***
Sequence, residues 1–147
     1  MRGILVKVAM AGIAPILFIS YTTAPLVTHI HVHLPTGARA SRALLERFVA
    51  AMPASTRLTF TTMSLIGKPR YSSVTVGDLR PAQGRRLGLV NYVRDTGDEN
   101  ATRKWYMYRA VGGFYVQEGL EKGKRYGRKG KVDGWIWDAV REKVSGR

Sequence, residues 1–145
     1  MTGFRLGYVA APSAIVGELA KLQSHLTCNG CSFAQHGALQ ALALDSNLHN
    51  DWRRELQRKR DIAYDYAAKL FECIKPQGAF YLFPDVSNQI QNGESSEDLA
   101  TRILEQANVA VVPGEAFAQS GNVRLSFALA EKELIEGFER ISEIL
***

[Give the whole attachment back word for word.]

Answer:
Sequence, residues 1–147
     1  MRGILVKVAM AGIAPILFIS YTTAPLVTHI HVHLPTGARA SRALLERFVA
    51  AMPASTRLTF TTMSLIGKPR YSSVTVGDLR PAQGRRLGLV NYVRDTGDEN
   101  ATRKWYMYRA VGGFYVQEGL EKGKRYGRKG KVDGWIWDAV REKVSGR

Sequence, residues 1–145
     1  MTGFRLGYVA APSAIVGELA KLQSHLTCNG CSFAQHGALQ ALALDSNLHN
    51  DWRRELQRKR DIAYDYAAKL FECIKPQGAF YLFPDVSNQI QNGESSEDLA
   101  TRILEQANVA VVPGEAFAQS GNVRLSFALA EKELIEGFER ISEIL